How to Handle Minimum Wage Job Losses

Lydia DePillis has a wonderful piece at the Washington Post asking the question: would it be so bad if the minimum wage killed jobs? Here's DePillis:

Underneath that rhetoric, however, the economic architecture that supports the Fight for $15 is built on entirely different logic. For its advocates, the question isn’t whether minimum wage hikes will kill jobs, but rather how to help people who end up unemployed when they do.

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"Why shouldn’t we in fact accept job loss?” asks New School economics and urban policy professor David Howell, who’s about to publish a white paper on the subject. "What’s so bad about getting rid of crappy jobs, forcing employers to upgrade, and having a serious program to compensate anyone who is in the slightest way harmed by that?"

Howell is talking about something like the Trade Adjustment Assistanceprogram, which assists people who lose their jobs due to international trade deals. Sure, it might be harder to prove that your job was eliminated because of a minimum wage hike, or that a high minimum wage kept you from getting a job in the first place. But in principle, he says, the savings created by all the welfare benefits that won’t have to be doled out to people who are now making more money could be re-invested in vocational training, subsidized jobs, and direct income supports for those who can’t find work.

In addition to DePillis' points, it's worth noting here that killing jobs through wage floors was at one point in time an intentional policy goal of the Rehn-Meidner model that prevailed in Sweden during its golden years of social democracy.

Under this model, Sweden put in place a solidaristic wage policy that shrunk wage differentials across job types and forced all firms to pay the same wages for the same kind of work, regardless of their ability to do so. This was done on the understanding that firms that could not keep up would fail, thereby causing the workers in the firm to become unemployed. Those workers would then receive generous unemployment benefits and, through active labor market policies, be absorbed into surviving firms. This policy would thus force an ongoing reallocation of labor to higher-productivity firms while also helping to cut inflation through constant disemployment.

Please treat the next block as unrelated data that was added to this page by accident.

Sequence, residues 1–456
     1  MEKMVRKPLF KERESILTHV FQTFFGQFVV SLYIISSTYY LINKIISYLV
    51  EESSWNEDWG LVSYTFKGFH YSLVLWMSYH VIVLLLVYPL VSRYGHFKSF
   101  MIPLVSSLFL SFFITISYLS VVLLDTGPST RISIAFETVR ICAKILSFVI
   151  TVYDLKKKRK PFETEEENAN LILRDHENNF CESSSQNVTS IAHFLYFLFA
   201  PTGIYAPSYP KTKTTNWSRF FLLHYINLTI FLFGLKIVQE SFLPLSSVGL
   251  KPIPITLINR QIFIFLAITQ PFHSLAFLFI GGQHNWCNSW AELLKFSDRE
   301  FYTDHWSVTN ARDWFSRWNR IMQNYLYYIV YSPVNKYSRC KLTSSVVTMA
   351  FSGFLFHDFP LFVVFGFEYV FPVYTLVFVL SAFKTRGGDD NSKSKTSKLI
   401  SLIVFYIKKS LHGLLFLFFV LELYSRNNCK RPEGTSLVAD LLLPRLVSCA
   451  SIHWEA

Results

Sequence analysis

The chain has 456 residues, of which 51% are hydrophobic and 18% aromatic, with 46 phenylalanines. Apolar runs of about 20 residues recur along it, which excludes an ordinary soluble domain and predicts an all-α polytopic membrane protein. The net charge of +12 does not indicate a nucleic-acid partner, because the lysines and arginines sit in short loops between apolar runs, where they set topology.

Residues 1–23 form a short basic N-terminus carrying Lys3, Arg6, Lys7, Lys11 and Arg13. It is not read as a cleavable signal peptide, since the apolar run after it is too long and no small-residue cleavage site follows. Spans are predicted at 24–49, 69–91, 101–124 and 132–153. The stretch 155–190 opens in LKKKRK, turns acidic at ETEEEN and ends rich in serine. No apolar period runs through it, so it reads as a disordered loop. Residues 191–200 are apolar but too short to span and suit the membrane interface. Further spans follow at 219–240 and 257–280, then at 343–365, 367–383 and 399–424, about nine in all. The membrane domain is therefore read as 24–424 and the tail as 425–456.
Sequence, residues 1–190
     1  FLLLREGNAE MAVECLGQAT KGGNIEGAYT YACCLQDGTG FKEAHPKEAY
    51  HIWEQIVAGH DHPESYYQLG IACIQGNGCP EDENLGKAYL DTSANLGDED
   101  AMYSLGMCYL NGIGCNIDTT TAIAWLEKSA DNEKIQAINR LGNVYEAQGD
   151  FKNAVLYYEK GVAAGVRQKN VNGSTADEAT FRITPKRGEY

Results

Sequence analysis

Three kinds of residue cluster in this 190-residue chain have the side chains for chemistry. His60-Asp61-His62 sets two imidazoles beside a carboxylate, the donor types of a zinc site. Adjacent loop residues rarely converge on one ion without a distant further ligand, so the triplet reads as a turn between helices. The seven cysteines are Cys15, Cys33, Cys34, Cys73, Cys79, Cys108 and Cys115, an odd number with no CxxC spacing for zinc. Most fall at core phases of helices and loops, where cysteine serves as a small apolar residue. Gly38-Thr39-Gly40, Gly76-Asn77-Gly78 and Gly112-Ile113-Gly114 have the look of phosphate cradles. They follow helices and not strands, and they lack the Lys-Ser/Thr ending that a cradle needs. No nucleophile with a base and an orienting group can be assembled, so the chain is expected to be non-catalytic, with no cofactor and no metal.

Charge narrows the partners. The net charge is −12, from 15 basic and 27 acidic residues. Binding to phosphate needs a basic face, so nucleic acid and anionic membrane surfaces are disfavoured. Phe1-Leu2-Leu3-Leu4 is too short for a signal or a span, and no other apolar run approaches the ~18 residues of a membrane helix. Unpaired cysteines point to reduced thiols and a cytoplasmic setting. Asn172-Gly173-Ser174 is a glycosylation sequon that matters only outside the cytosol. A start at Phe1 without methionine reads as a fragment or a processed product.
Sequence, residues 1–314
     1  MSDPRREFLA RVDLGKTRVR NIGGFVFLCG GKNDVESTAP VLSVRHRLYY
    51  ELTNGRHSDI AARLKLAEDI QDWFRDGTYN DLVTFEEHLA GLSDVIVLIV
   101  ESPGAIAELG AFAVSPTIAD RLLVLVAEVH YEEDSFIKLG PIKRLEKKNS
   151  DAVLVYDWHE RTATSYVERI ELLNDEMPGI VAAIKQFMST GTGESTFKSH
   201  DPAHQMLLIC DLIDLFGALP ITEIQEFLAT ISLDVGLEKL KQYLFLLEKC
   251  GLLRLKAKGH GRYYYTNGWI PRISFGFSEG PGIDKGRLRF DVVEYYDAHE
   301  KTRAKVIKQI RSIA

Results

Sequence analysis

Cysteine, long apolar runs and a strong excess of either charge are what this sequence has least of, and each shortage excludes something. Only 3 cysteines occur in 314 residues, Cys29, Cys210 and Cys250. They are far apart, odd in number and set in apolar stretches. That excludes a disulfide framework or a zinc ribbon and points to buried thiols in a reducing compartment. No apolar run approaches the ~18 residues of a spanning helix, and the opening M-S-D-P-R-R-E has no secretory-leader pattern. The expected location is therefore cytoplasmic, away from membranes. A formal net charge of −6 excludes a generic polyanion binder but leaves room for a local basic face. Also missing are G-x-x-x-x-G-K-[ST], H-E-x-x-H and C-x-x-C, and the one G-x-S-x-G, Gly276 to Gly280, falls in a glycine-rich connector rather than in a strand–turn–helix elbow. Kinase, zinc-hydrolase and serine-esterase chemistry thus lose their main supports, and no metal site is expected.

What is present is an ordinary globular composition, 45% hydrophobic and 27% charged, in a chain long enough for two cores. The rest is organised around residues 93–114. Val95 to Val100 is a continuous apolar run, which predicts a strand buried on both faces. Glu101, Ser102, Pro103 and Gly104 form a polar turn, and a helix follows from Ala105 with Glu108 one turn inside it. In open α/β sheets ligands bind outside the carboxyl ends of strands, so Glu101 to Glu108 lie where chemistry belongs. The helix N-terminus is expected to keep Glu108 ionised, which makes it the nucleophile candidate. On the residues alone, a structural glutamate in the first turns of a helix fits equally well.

Of course, the purpose here wasn't purely to kill off lower-productivity firms. It was also to encourage them to become higher-productivity firms. Solidaristic wages meant that firms near the bottom in performance had to constantly find ways to stay ahead of the wage monster crawling up behind them.

When I share this factoid about the Rehn-Meidner model in discussions, I am mostly met with disbelief. I think this is mostly a function of the fact that job loss in the US can be unbelievably devastating. Unemployment benefits are weak. You lose your health insurance. You have no assistance in finding new work. You are kind of cut loose into the abyss. But that doesn't have to be the case and was not the case in Sweden at the time. If you lost your job, most of your earnings were replaced with unemployment benefits. You didn't lose your health insurance. You didn't fall behind on rent or the mortgage. Active labor market policies (ALMP) were there to do what it took (training, in-work subsidy, schooling) to get you into a new firm. In short, having your job killed was a much more comfortable experience.

That difference is also arguably why job-killing could be more problematic in the US. Professor David Howell, quoted above, is obviously correct to say that you could provide benefits and ALMP to anyone disemployed by a wage hike (as Sweden did and does) and everything would basically be fine. But does the US have the stomach for such a sensible welfare scheme? That is somewhat less clear.

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